The government wants a new constitution to replace the current to be ready by the first half of 2012, Turkish Prime Minister Recep Tayyip Erdoğan has said.
“We will concentrate on this issue [of making a new constitution] with the opening of Parliament [on Saturday]. We hope to be done with this issue in the first half of 2012,” Erdoğan said on Thursday as he responded to questions from reporters at Ankara’s Esenboğa Airport before he left the country for an official visit to Macedonia.
When asked about a recent decision by the pro-Kurdish Peace and Democracy Party (BDP) to end its parliamentary boycott and to join in parliamentary proceedings, Erdoğan said he had stated before that the BDP would return to Parliament and that he was proved right. “You [reporters] are following me closely. You know I said earlier that the BDP was going to come to Parliament. I had said the same thing about the [main opposition Republican People’s Party] CHP as well. The CHP has already come. Our expectations for the BDP’s return also came true with their announcement yesterday,” the prime minister said.
He was referring to a similar boycott by the CHP, which had also announced following court decisions to bar three of its deputies from entering Parliament that it would not take the oath of office until its colleagues are allowed to do so. The CHP changed its mind in July after an agreement on a joint declaration with the ruling Justice and Development Party (AK Party) and its deputies took their oaths.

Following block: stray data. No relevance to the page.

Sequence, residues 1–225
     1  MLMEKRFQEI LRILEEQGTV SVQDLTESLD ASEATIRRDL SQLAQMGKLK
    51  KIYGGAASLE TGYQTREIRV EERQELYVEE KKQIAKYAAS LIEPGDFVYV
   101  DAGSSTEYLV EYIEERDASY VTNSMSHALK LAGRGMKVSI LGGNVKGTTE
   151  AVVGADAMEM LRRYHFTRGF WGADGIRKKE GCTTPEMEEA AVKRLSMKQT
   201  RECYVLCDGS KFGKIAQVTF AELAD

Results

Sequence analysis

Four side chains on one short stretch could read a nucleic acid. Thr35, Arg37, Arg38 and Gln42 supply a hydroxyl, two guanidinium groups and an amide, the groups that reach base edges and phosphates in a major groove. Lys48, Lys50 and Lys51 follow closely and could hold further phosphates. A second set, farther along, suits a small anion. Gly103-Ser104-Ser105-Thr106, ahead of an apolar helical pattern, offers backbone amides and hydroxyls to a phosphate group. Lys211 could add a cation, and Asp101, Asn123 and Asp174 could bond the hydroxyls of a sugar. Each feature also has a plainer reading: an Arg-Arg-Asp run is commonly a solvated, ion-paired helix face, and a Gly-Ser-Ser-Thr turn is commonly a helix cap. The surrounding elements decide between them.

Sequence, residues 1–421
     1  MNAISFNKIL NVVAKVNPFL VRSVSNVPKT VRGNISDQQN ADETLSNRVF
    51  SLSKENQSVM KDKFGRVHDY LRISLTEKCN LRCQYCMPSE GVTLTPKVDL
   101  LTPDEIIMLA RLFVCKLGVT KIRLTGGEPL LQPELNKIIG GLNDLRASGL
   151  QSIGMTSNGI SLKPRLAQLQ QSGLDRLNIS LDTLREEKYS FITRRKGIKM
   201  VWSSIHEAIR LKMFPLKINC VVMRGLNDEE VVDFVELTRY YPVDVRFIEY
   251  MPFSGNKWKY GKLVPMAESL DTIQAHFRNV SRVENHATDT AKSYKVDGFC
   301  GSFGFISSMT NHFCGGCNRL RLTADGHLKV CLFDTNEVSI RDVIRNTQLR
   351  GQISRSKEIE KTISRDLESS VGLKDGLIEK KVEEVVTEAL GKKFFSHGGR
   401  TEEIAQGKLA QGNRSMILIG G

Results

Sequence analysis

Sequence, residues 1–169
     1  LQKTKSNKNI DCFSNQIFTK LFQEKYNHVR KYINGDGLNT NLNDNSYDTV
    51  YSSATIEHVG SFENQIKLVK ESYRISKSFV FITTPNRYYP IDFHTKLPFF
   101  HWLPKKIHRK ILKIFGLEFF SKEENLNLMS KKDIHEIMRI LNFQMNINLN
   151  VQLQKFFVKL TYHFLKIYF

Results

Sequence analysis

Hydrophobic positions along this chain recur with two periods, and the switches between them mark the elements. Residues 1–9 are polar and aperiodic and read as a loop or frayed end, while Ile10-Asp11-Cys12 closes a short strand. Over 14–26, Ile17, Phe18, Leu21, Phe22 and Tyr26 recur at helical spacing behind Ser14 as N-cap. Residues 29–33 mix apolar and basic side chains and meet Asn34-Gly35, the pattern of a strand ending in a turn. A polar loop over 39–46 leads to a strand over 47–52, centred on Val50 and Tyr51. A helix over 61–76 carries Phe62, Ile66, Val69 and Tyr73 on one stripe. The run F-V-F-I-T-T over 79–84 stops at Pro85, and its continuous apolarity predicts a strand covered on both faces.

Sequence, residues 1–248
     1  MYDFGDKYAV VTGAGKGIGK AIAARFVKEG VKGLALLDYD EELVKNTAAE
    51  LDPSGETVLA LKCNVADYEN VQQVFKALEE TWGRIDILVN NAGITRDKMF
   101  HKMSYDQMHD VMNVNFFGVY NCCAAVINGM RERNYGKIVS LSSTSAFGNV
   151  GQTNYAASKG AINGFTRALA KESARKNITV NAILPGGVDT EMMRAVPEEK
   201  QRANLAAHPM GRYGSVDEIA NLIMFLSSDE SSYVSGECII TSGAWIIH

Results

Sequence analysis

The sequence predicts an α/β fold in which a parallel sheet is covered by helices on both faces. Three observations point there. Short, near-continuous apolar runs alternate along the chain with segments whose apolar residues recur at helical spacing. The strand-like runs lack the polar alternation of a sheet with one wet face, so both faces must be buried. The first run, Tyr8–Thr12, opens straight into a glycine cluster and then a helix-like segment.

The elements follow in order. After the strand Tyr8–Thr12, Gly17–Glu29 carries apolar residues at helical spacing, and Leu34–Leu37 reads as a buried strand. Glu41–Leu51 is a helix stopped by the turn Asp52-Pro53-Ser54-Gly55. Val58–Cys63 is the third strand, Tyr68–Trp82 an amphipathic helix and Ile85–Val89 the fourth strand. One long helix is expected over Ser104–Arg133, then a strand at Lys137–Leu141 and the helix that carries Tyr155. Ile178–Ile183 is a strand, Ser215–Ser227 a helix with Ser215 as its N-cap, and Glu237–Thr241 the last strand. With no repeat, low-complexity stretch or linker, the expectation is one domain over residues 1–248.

As for the question of whether the BDP would also take part in the talks to make a new constitution, Erdoğan said they can as long as they form a parliamentary group. Noting that the government had initially requested appointments with the parties that have parliamentary groups in Parliament, he added they can also meet with the BDP if they form a group. A delegation from the ruling AK Party has already begun visiting opposition parties to discuss the drafting of a new constitution on the eve of the new legislative session, set to begin on Saturday.
The five-member AK Party team led by Deputy Chairman Ömer Çelik met with the opposition Nationalist Movement Party (MHP) on Wednesday and is meeting with the main opposition CHP on Thursday. During the press briefing after an hour-long meeting with the MHP leadership, Çelik said the talks were very positive, without giving any details on the substance of the meeting.
Turkey’s long-awaited expectations for a new civilian constitution have become stronger than ever since the June 12 parliamentary elections. All of the parties represented in Parliament vowed to draft a new constitution to replace the existing one, which was drafted under martial law after the Sept. 12, 1980 military coup and has long been criticized for failing to respond to today’s needs for broader rights and freedoms. The ruling party also vowed to make a new constitution after its election victory.
29 September 2011, Thursday / TODAYSZAMAN.COM,